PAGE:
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Canadian Respiratory Journal
Volume 18, Issue 1, Pages e1-e5
Original Article

Direct Costs of Occupational Asthma due to Sensitization in Quebec (1988 to 2002): Revisited

Jean-Luc Malo,1 Maria-Victoria Zunzunegui,2 Jocelyne L’Archevêque,1 Shélanie Cardinal,1 and Heberto Ghezzo1

1Axe de recherche en santé respiratoire, Hôpital du Sacré-Coeur de Montréal, Canada
2Département de médecine sociale et préventive, Université de Montréal, Montréal, Québec, Canada

Copyright © 2011 Hindawi Publishing Corporation. This is an open access article distributed under the Creative Commons Attribution License, which permits unrestricted use, distribution, and reproduction in any medium, provided the original work is properly cited.


BACKGROUND: In a previous study, the authors assessed direct costs for occupational asthma (OA) in a random sample of eight to 10 accepted claims per year for OA between 1988 and 2002. Compensation for loss of income (CLI) was found to be significantly higher for men and for OA caused by low-molecular-weight agents.

OBJECTIVES AND METHODS: To identify sociodemographic factors that modulate CLI, the dossier of each claimant in the previous study was re-examined.

RESULTS: Higher CLI costs were directly related to the duration of CLI (over which loss of income was reimbursed) (r=0.65). Costs of CLI were higher in patients 30 years of age or older at diagnosis, married subjects and individuals who were offered early retirement or were enrolled in an active interventional rehabilitation program. Higher CLI costs in men, but not in women, were associated with the following sociodemographic factors: older age, different rehabilitation program (early retirement and active program versus no specific program) and married status. Older age was found to be significant in the multivariate analysis performed for men. The cost of CLI was higher in workers with OA caused by low-molecular-weight agents. Although proportionally fewer men and younger workers were affected with OA caused by low-molecular-weight agents, the longer duration of CLI for this category of agent could explain the higher costs.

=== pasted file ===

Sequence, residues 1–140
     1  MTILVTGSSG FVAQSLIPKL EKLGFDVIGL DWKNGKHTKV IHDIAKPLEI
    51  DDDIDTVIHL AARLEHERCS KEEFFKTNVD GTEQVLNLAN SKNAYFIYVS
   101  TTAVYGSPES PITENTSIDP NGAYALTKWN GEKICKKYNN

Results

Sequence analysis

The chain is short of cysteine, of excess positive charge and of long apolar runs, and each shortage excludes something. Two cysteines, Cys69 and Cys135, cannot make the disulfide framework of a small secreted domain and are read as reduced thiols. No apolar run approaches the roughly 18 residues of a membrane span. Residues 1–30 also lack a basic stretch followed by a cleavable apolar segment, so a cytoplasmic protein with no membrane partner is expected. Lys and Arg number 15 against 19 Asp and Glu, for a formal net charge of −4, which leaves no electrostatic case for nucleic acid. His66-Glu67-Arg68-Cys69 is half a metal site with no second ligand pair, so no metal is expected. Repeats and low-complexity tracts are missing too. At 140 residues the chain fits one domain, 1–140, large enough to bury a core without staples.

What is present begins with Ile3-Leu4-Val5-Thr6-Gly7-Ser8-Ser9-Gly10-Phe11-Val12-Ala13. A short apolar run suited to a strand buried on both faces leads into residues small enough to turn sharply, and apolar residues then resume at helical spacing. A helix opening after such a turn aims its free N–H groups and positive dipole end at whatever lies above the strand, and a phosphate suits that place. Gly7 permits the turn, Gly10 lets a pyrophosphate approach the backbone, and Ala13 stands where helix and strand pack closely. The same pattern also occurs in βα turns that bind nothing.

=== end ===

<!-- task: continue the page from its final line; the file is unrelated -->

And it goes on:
CONCLUSION: Higher costs for CLI were associated in men (but not women) with older age, married status and type of rehabilitation program (early retirement and active rehabilitation). Higher costs of CLI for OA caused by low-molecular-weight agents were associated with a longer duration of CLI per se, and not with sociodemographic factors.